The full-size three-row station wagon was the stereotypical American family hauler until the rise of the minivan. Just yesterday we wallowed in the luxurious personal automotive space a family with more than 2.3 kids was afforded in 1967, even if the third seat faced rearwards. So today’s task is to compare it to a comparable European vehicle. The list is very short indeed, especially when it comes to rear-facing third seat station wagons. I’m undoubtedly missing someone out there, and you’ll undoubtedly clue me in, but tonight, here’s all I can come up with: the Saab 95. I guess having ridden in one has something to do with that, and surprisingly, it wasn’t as cramped as one might expect. Maybe not cramped enough.
The Saab 95 technically appeared in 1959, but production really didn’t get underway until 1960. Of course, it was based on the classic popcorn-popper two-stroke Saab 93/96 (CC here).
Now the one I rode in looks like this one; no, no; I mean piloted by this one, this very fetching Swedish brunette. She reminds me way too much of the mom who drove us to orchestra practice occasionally, when my regular ride didn’t materialize.
They were grad students, and lived in one of the numerous and vast quonset hut ghettos that the U of Iowa threw together to house the thousands of post-war married students. You wouldn’t believe how cramped and primitive they were, especially by the mid sixties; they were each divided into two units. Insulation? They made the Saab wagon seem downright commodious and comfortable.
Anyway, I had more than a bit of a crush on this mom, even if they weren’t actually Swedish. Piling in their faded green Saab wagon the first was a surprise even for me at that age. Memories of clown-car antics in my god-father’s Lloyd came to mind.
But lo! The second row wasn’t as bad as one might expect, thanks to the then almost-unheard (in America) advantages of front-wheel drive.
And in the way back was a legitimate third seat, with a deep footwell. Not bad, for a car about the size of a VW Beetle. No wonder fwd was seen as such a big deal. As a packaging freak, I always did wonder where the spare in the Saab 95 went; there was just no obvious place. But look up one picture, and there it is, under the second row seat. Those clever Swedes. The Saab’s dropped solid rear axle helped make it possible. Now where was the gas tank?
But my favorite seat in that 95 was the front passenger one, not just for the obvious reasons. It gave me chance to sit quite close to Gordon’s youthful and athletic mom, and watch her in action as she worked the column-mounted fours-speed stick through the gears, while the little “Shrike” 841 cc triple spluttered on each upshift. But that was only part of the attraction, as the thigh on her left leg flexed and relaxed each time her foot worked the clutch. “You’re such a good clutcher, Mrs. Stevensen! I’m learning so much from watching you so closely”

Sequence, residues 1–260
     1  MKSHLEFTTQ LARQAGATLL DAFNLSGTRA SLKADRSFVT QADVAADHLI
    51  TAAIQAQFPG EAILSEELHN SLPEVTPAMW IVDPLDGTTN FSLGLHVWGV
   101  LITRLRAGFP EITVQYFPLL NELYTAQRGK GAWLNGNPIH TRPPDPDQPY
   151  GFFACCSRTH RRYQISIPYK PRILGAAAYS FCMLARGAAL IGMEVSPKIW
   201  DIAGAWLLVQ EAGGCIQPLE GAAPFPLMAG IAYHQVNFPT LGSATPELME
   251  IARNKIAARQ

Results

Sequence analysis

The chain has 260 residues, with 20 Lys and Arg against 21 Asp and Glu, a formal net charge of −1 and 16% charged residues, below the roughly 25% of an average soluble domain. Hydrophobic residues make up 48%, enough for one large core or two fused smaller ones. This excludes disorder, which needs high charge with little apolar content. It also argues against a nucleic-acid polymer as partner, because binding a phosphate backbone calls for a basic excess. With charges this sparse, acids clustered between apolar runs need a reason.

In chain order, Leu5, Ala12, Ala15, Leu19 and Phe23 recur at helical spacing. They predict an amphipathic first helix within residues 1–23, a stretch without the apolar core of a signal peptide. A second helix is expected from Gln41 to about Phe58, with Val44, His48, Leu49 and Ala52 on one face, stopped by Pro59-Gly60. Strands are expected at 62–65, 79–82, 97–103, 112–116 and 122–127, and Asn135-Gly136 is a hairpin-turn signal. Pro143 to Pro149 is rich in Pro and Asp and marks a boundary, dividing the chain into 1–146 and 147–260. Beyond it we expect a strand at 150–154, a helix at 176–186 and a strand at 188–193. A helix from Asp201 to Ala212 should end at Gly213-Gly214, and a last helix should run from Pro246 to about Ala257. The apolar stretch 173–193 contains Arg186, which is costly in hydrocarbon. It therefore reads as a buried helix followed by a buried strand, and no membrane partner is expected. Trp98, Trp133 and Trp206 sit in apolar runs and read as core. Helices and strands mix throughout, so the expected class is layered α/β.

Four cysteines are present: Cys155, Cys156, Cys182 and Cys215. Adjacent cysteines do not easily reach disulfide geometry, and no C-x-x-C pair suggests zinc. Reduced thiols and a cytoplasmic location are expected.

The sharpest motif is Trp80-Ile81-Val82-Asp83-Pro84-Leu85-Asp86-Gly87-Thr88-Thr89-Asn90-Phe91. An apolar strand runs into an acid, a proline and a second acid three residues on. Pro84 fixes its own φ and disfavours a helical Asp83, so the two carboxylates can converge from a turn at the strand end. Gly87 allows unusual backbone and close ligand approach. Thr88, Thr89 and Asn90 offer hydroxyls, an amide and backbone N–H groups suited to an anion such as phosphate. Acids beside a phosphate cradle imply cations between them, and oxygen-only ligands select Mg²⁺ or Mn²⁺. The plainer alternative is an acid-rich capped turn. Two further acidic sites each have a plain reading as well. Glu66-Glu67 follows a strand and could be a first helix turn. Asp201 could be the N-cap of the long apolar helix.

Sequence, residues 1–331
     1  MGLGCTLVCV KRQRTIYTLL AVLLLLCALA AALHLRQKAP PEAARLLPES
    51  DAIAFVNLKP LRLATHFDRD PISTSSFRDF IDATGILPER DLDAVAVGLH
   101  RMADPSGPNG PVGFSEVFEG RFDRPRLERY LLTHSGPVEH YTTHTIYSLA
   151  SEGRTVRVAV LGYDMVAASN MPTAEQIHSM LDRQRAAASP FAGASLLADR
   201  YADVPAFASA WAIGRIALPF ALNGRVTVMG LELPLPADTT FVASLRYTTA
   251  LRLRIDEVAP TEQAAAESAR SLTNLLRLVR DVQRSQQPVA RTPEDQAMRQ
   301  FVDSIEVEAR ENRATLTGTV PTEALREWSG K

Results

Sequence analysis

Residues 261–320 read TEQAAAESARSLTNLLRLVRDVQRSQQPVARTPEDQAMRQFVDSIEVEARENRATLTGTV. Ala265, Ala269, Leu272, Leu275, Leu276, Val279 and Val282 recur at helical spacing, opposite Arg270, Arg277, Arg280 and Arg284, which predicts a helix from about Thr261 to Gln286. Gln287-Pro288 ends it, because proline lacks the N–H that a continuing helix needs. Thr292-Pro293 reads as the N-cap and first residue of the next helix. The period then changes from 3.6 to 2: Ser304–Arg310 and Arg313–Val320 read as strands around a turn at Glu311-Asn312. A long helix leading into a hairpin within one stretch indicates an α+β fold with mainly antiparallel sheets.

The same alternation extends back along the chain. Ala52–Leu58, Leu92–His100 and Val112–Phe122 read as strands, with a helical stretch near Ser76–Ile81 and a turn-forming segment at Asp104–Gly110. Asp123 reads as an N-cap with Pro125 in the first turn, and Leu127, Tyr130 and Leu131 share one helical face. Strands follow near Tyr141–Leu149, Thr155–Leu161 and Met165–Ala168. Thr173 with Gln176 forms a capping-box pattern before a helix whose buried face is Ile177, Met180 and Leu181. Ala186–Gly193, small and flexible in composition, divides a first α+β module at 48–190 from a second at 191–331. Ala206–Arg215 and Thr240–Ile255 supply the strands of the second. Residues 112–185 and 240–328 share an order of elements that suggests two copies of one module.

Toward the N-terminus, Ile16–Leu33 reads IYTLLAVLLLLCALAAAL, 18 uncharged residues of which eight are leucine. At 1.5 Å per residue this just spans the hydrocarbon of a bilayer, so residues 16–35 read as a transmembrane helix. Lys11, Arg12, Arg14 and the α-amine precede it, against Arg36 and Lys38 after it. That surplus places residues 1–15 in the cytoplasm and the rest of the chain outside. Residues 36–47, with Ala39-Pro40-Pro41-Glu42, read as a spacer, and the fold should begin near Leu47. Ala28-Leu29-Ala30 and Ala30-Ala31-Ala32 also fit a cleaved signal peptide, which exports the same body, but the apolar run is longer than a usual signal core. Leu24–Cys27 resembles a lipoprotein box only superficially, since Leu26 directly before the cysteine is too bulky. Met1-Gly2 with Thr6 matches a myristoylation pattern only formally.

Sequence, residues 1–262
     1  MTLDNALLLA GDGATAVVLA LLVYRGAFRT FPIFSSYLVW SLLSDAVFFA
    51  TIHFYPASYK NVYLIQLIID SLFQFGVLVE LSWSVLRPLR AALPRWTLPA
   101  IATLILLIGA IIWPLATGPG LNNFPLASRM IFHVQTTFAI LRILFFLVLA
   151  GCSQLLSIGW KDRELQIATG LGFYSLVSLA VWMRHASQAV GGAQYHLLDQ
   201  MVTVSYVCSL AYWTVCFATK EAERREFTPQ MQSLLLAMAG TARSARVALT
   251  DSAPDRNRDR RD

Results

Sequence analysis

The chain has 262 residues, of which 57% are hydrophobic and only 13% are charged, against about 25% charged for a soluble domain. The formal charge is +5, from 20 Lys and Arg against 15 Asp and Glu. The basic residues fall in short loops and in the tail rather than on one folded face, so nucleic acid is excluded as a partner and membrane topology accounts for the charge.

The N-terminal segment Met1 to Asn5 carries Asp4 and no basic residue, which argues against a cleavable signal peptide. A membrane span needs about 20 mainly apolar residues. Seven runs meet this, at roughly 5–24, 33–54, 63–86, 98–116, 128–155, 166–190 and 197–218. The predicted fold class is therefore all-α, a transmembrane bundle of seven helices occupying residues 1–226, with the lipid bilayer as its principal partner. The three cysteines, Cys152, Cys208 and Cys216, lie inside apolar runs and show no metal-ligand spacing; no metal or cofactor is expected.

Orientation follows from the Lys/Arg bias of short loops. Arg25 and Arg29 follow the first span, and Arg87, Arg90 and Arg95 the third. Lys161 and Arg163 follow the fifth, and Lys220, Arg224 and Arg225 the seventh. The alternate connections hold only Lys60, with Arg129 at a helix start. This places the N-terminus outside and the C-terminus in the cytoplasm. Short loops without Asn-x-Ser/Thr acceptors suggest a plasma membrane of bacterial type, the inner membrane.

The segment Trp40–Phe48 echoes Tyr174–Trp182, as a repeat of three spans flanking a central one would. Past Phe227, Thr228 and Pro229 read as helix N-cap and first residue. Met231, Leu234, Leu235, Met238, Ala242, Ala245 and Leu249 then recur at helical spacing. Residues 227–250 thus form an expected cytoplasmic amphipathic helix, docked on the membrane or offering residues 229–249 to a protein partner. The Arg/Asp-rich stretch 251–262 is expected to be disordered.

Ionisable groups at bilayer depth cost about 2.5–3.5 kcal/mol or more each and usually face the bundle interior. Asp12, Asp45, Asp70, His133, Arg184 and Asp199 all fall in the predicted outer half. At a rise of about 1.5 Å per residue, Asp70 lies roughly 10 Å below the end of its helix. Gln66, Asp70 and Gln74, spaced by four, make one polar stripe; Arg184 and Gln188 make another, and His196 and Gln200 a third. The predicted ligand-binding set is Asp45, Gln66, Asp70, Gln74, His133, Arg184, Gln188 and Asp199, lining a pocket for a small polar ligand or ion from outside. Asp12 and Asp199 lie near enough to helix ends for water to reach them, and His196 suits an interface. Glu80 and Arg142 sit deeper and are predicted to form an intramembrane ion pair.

And then there was her smell…combined with the ever-present tinge of oil made a ride in the Saab 95 the equivalent of an aromatherapy session while holding an adult magazine in your hand: eroticaromatherapy.
Like the the 96, the 95 was also treated to the stubby little Ford V4 starting in 1967, and within a year, the Shrike shrieked for the last time. US-bound 95s and 96s got a low-compression emission-compliant 1700 cc version, while the Europeans did with a sportier 1500 cc job.
Saab tested a number of engines in a hush-hush project to find a four-stroke alternative, but they must have counted their lucky starts when the ultra-short Ford Cologne V4 appeared. If it looks a bit like a half of a Ford Windsor V8, it’s because it was originally designed in the US, for the ill-fated Cardinal fwd compact, at about the same time. The V4 and related Cologne V6 were 60° units, which made a balance shaft a necessity for the V4 to try to tame its intrinsically unruly ways.
Ironically, the Saab 95 was configured very much like the Ford Cardinal would have been, had Ford chosen to build it instead of sending it to Germany.
But the Ford 12M was even roomier. It made quite a sensation in Europe, given just how spacious it was for its class; it made the VW Beetle feel like a torture chamber, and even put the Opel Kadett A to shame. I’m quite certain a third seat was not available; it would have been embarrassing to the much larger Falcon to have a smaller wagon with a third seat, eh? But if the Saab 95 made it work, I’m sure Ford could have too. Just needs a bit of wood planking.
If the Saab 95′s sales are anything to go by, maybe Ford did the right thing: Americans were not interested in space-efficiency, especially when they were still living in fairly small houses with plenty of kids. But the Saab 95 showed what was possible. And enjoyable, under the right circumstances.